Forty years of institutional memory, which cannot be replaced, walked out of the Justice Department last month.

Attorney, Douglas Letter, joined the DOJ in 1978. For four decades, he defended controversial policies advanced by Democrats and Republicans from the executive branch in an apolitical, balanced, and fair-minded manner. And, he didn’t want to leave. He felt compelled to do so.

Letter, 64, reflected on his long government service last week at the Georgetown Law Center, where he will be teaching national security law. As he told NPR columnist, Carrie Johnson:

"My father and several other people in my family were also career public servants," he said, "so I grew up feeling like public service was a calling."

Letter fought for the government regardless of who was in power — through the Reagan, Clinton, and George W. Bush presidencies. After 9/11, his caseload included, among others, addressing waterboarding and detainee treatment and lethal drone strikes.

Asked for his proudest moments by Ms. Johnson, he mentioned: "The Obergefell case. That's the one where the Supreme Court decided that gay marriage was constitutionally protected." He also mentioned defense of the bipartisan McCain-Feingold Campaign Finance Act (2002), though, he noted, "In the long run, that didn't work out so well."

The Act was designed to address two issues: the increased role of soft money in campaign financing; and, the proliferation of issue advocacy ads, all the “junk” we see on television almost every single day during the political election cycle.

In March 2009, the U.S. Supreme Court heard oral arguments in Citizens United v. Federal Election Commission, addressing some of these political gibberish ads and documentaries, and the related soft money that everyone knew would pour in, but for the Act.  In January 2010, the Supreme Court struck sections of McCain–Feingold down, which limited the activity of these politically made up corporations. Specifically, Citizens United struck down campaign financing laws related to corporations and unions that previously banned the broadcast of "electioneering communications" paid for by corporations in the 30 days before a presidential primary and in the 60 days before the general election. The minority argued that the Court erred in allowing unlimited corporate spending, effectively by made up corporations, arguing that corporate spending posed a threat to democratic self-government.

Citizens United opened the floodgates for special interests—including foreign corporations hiding in the wings—to spend without limit in our elections, thus allowing American elections to be bankrolled by America's most powerful interests, or worse, by foreign entities. The decision was called "a major victory for big oil, Wall Street banks, health insurance companies, and the other powerful interests that marshal their power every day in Washington to drown out the voices of everyday Americans." And, it’s why we are inundated in every political cycle with misleading ads of gibberish from made up corporations created solely for the purpose promoting special interests and specific political agendas. You can thank Republican, Mitch McConnell, and his posse of suck ups, along with the special interests, for the decision.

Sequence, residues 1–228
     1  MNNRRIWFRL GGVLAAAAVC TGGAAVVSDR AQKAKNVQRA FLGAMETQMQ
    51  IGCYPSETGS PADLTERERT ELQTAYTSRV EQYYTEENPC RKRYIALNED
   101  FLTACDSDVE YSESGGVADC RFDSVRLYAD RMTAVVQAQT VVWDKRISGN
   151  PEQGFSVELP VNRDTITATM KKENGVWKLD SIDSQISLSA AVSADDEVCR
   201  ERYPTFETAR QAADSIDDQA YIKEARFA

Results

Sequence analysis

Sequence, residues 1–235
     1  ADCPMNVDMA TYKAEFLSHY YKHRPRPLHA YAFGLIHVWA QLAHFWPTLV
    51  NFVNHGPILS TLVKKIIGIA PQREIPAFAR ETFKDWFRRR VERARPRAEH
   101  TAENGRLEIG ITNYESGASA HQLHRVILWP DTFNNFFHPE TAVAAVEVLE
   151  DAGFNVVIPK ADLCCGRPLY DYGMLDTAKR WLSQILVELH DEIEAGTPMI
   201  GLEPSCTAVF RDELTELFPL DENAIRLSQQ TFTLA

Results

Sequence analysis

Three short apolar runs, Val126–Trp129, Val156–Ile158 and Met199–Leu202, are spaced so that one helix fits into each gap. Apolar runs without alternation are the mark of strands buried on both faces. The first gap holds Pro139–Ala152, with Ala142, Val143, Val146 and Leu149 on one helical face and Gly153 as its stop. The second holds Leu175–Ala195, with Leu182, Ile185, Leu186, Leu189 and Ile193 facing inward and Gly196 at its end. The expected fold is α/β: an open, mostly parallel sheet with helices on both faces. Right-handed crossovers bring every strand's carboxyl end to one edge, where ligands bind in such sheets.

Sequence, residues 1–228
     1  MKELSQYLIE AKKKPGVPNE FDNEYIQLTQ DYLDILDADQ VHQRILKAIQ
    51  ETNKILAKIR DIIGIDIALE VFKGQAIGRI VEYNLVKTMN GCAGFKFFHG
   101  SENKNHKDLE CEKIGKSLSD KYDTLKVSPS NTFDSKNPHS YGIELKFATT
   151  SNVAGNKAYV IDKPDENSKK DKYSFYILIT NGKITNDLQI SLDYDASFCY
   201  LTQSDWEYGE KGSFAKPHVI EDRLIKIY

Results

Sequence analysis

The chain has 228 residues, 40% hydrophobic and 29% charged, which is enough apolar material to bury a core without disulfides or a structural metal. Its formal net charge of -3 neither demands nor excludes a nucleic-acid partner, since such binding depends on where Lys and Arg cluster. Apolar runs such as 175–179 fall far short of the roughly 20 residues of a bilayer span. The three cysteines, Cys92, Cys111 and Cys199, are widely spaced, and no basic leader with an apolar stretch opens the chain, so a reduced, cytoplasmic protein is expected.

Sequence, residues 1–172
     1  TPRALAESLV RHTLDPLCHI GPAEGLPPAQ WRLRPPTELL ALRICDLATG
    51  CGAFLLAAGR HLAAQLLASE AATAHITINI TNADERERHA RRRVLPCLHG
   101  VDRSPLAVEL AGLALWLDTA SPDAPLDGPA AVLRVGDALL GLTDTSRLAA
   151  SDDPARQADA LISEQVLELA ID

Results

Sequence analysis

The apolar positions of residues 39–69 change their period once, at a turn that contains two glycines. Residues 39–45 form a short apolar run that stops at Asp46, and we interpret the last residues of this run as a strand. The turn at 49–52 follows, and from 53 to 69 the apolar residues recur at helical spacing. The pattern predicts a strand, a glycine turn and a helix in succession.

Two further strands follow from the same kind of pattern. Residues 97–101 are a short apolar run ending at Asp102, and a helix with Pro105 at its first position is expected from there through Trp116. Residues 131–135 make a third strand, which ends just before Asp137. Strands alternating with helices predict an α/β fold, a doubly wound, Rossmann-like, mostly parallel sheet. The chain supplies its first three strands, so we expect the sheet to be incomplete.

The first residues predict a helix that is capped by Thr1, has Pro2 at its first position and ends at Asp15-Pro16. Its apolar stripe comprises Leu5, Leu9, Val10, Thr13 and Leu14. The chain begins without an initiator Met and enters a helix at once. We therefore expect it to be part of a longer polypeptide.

Is there anyone out there who really enjoy these fabricated incredible partisan ads? Douglas Letter tried his best to prevent them.  

As a mark of his reputation and the respect he has garnered, the guest list at Letter's going-away party included the Chief Justice John Roberts and new Supreme Court Justice, Neil Gorsuch.

People who know Letter believe clearly that Trump's tweets and attacks on the Justice Department motivated his leaving. Without addressing the tweets directly, he offered to Carrie Johnson the following when questioned about his concerns for the DOJ as an institution:

"Yes," he said, "one obviously has to be concerned about the Justice Department and the future of the Justice Department."

How incredibly sad the impact complete and utter ignorance can have.

Letter will be bringing his four decades of experience to the Institute for Constitutional Advocacy and Protection at Georgetown. The Center is already involved in litigation over Trump's threat to crack down on sanctuary cities and efforts to block his critics on Twitter. Letter will not participate in those cases for ethical reasons, but he expects to be fully involved in other lawsuits over bail practices that punish poor people and our current criminal justice and prison system, and a new case in Charlottesville, Va., that is trying to prevent militias and paramilitary groups from wreaking more havoc there – from having the “good people” Trump claims to have existed - the anti-Semitic, racist white supremacists - from killing anyone else.

For those outside the law, it may be difficult to fathom just how significant a loss this is, but, trust me, it is huge and a very unnecessary loss. This longtime public servant told Carrie Johnson he will most assuredly miss the 60 lawyers in his Justice Department unit:

"It was extremely hard to leave, and I'm hoping they will continue to invite me to play on their softball team, so I can keep up with them — even though I'm clearly the weakest member of the team," he joked.

When you attack, and undermine, the fabric of our justice system that has separated us from the rest of the world for more than two centuries, you begin to align us with those who have never truly known justice. The DOJ is comprised of public servant lawyers, who are apolitical and who serve rather than seek the financial reward attainable in the private sector. Douglas Letter is not replaceable and it is very sad that we even have to discuss the departure of one so valuable who had no intention of leaving.

 It’s time to wake up!